- How many times they’ve visited. Visitors who keep coming back to your site in a short span of time are likely showing your product to colleagues or comparing it with your competitors. That suggests they want to buy.
The behaviors that suggest buying intent will change from product to product. Your best bet is to talk to your top customers, ask how they discovered and evaluated your product, and target your survey accordingly.
Step 4: Fill in the Data Gaps for Each Lead
If you follow Steps 1-3, you’ll have a steady stream of email addresses and company names coming in from people who say your product can solve a problem for them.
But what about the rest of your ICP? It’s crucial for leads to actually need your product. But you still need information like the prospect’s job title, company size, and industry.
Each of those variables affects how the lead would use your product, which completely changes the way a salesperson would pitch it to them. Not to mention, different companies have different sales cycles and levels of willingness to spend on SaaS. Your salespeople can’t sell to everyone who might have a need. They need to narrow in on the leads they’re most likely to close.
Luckily, there are other tools that can get you that data from the information you collected from leads at the end of your survey:
- Clearbit Enrichment can get you a lead’s name, job title, location, and social media profiles. All you need is their email address.
- Mattermark is an encyclopedia of firmographic data that helps prospectors find and vet leads. It doesn’t just tell you a company’s industry, size, or level of funding. It also uses proprietary metrics to predict how much the company is likely to grow in the near future. That’s the best indicator of future upsell potential, especially if you charge per user.
Add that new data to the lead’s information in Salesforce and have your team initiate contact.
Step 5: Measure Your Success
In order to get the most out of Qualaroo, you need to measure both how many leads it creates and what percentage of those leads go on to become SQLs.
Let’s think about it in terms of the sales funnel above. Since Qualaroo targets a portion of all the traffic to your site, it should increase the raw number of qualified leads coming into the top of the funnel. In this case, a 10% bump would start you off with 1,513 leads rather than 1,375. At the current conversion rates, that would net you 473 deals versus the original 427.
Let’s also assume that for this company, any lead that makes it to the “present solution” stage is an SQL. If Qualaroo bumped that rate up 5%, from 67% to 72%, your team would then go from 473 closed deals to 509. That’s a massive increase over the original 427.
But as with any marketing channel, you always need to be measuring Qualaroo’s results and looking for ways to improve them. Experiment with different questions to uncover your leads’ need for your product or new ways of targeting surveys to make sure you’re getting as many high-quality leads as possible.
Build a Bridge Between Sales and Marketing
Everyone knows the old stereotype about sales and marketing always being at each other’s throats. When that actually happens, it’s almost always because there’s a disconnect about who constitutes a strong lead.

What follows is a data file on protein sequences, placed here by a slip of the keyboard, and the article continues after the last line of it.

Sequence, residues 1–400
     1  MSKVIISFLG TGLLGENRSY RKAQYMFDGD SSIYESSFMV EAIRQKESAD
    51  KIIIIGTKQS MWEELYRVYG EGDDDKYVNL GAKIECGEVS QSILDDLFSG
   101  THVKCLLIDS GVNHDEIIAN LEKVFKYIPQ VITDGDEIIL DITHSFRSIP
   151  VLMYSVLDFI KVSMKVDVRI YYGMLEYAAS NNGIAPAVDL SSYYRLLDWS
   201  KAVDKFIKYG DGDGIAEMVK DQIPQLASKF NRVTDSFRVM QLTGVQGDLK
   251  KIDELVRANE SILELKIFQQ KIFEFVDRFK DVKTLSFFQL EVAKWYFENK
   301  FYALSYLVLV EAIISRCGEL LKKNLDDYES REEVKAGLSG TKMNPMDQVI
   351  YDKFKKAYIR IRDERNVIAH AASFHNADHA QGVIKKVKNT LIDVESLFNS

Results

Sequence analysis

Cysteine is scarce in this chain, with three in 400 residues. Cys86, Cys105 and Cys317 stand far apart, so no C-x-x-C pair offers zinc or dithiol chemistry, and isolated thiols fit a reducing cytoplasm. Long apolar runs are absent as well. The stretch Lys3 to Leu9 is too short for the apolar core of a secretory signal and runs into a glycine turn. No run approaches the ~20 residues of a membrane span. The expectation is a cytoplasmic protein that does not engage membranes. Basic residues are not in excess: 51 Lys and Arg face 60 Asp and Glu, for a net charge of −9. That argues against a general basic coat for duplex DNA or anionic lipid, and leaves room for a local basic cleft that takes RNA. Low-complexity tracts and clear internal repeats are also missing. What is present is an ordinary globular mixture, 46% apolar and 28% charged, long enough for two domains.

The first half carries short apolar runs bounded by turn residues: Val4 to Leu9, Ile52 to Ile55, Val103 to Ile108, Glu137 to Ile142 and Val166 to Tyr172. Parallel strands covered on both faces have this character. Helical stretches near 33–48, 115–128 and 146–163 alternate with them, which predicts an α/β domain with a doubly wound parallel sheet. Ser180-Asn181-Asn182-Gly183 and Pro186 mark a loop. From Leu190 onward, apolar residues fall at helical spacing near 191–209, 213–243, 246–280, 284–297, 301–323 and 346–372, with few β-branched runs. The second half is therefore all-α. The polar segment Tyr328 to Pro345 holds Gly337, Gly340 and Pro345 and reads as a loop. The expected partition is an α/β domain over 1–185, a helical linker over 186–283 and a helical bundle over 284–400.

Qualaroo solves that problem by starting answering the most important lead generation question right off the bat: Does this person need our product? It sets both sides up for success. Marketing can generate better leads in less time, and the sales team gets a growing pipeline of qualified leads.
Prototype testing lets you discover whether users can achieve their goals and solve their problems using your solution. It’s a critical step that should be taken before any successful product launch.
This article will cover the major Dos and Don’ts of prototype testing. We’ll walk you through the most common mistakes we see in the field and share tips on how to avoid them.
Testing prototypes is an inherent part of finalizing designs. Nobody wants to wonder why users are not utilizing an app the way it should be utilized or why they can’t seem to complete a purchase on your website. And nobody wants to rework something that’s already been shipped.
UX designers are under a lot of pressure to produce designs that add value to users’ lives. But without input from your users, it’s nearly impossible to design an experience that actually helps alleviate their pain points. If you’re pressed for time and/or don’t have the help of a researcher, getting the user input essential to design a great product can certainly be a challenge.
As a UX designer, getting your leadership to support your major projects can be as much about talking the talk as it is about walking the walk. As much value as your work may provide, you also have to know how to sell it in a world of competing priorities and looming deadlines.
Even as UX design and user research are becoming a more prominent focus in today’s leading companies, it can still be tough to get executive leadership onboard with user research-related initiatives. We know the struggle.
This post originally appeared on UsabilityGeek.